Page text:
When Notoriety Won’t Win Elections

Beto O'Rourke poses for a selfie with a supporter. (Sergio Flores for The Washington Post via Getty Images)

Democratic Govs. Laura Kelly and Tony Evers spent Tuesday evening celebrating hard-fought reelection battles. Both incumbent governors won narrow victories in their respective ruby-red Kansas and purplish-Wisconsin, proving Democrats can win statewide elections in competitive states.

Despite their success, Kelly and Evers don’t exactly top the list of notable Democratic political figures today. But two who do, Beto O’Rourke and Stacey Abrams, have raked in millions in donations and gobs of national media attention, even though they’ve lost multiple ticket-topping races.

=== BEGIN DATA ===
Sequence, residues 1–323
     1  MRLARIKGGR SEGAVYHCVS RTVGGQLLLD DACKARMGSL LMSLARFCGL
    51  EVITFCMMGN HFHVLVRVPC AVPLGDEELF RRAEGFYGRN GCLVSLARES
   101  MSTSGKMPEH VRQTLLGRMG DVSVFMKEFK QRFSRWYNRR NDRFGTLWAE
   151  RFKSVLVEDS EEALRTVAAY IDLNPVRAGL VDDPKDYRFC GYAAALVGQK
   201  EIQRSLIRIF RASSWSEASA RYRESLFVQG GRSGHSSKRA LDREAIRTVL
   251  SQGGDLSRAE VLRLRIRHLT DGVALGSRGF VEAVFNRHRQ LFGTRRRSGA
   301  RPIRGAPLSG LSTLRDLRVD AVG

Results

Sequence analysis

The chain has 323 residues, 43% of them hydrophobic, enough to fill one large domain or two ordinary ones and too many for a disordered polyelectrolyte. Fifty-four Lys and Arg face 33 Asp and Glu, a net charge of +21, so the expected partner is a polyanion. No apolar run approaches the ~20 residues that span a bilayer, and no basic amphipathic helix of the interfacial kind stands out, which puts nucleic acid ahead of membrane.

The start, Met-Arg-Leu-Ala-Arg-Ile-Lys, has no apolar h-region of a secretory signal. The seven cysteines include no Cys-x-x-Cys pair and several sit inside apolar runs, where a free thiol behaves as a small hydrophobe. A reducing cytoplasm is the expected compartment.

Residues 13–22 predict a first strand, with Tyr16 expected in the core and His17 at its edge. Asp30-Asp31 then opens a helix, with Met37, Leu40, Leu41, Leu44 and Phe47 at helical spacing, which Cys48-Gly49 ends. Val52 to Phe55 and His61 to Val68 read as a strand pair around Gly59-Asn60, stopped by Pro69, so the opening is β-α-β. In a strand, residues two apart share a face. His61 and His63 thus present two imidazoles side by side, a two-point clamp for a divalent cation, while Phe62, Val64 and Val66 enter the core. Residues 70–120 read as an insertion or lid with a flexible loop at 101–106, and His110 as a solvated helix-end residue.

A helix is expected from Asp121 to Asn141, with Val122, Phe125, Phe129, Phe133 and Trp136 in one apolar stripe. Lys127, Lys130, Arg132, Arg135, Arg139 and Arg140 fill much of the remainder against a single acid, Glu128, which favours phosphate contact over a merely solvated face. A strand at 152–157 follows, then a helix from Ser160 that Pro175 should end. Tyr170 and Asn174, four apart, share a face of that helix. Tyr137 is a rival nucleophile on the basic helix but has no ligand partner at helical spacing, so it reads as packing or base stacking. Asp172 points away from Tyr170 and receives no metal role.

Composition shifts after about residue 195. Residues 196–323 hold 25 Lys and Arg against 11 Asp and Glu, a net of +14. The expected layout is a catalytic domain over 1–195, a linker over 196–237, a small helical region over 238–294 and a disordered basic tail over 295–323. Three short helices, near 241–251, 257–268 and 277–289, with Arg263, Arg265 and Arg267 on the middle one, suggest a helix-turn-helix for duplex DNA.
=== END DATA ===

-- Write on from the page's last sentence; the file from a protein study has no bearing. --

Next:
Why have Democrats continue to prop up candidates like them, whose only real political pedigree is losing previous elections? It’s complicated.

O’Rourke, the former El Paso congressman, lost to two-term Texas GOP Gov. Greg Abbott on Tuesday by roughly 11 points in a race in which his odds were always long: Democrats haven’t won a Texas gubernatorial election since 1990. 

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